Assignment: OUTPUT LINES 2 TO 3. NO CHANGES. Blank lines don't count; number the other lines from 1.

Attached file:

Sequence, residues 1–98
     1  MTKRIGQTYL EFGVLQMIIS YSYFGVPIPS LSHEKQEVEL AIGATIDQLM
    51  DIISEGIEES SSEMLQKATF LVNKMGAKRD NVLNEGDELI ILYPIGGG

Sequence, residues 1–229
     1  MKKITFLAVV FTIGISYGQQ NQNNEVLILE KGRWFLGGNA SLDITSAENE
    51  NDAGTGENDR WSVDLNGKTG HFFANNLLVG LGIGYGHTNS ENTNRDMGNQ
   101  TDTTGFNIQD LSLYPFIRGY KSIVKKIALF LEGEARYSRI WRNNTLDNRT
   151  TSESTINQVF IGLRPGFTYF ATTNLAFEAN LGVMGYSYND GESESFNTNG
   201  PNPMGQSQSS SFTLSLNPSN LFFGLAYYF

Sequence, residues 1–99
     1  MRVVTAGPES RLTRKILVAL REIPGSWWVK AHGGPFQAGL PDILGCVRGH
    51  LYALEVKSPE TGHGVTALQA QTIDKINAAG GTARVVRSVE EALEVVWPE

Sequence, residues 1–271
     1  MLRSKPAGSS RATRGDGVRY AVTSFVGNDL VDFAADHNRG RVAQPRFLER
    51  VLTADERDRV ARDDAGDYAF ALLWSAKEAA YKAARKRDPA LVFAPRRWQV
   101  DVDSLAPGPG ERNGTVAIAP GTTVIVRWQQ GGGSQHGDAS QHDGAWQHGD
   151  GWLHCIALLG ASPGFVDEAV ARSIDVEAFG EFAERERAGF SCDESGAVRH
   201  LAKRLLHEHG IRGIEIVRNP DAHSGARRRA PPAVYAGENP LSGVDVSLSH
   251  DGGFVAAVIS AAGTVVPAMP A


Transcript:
     1  MTKRIGQTYL EFGVLQMIIS YSYFGVPIPS LSHEKQEVEL AIGATIDQLM
    51  DIISEGIEES SSEMLQKATF LVNKMGAKRD NVLNEGDELI ILYPIGGG